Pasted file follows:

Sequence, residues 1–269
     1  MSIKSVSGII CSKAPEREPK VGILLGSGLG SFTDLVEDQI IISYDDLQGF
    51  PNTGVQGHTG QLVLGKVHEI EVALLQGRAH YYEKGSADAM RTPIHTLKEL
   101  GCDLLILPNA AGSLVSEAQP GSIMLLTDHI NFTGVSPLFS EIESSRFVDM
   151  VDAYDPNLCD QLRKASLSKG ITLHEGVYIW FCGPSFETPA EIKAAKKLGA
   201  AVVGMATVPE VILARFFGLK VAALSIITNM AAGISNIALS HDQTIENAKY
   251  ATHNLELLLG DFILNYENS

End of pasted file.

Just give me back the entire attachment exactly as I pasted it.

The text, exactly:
Sequence, residues 1–269
     1  MSIKSVSGII CSKAPEREPK VGILLGSGLG SFTDLVEDQI IISYDDLQGF
    51  PNTGVQGHTG QLVLGKVHEI EVALLQGRAH YYEKGSADAM RTPIHTLKEL
   101  GCDLLILPNA AGSLVSEAQP GSIMLLTDHI NFTGVSPLFS EIESSRFVDM
   151  VDAYDPNLCD QLRKASLSKG ITLHEGVYIW FCGPSFETPA EIKAAKKLGA
   201  AVVGMATVPE VILARFFGLK VAALSIITNM AAGISNIALS HDQTIENAKY
   251  ATHNLELLLG DFILNYENS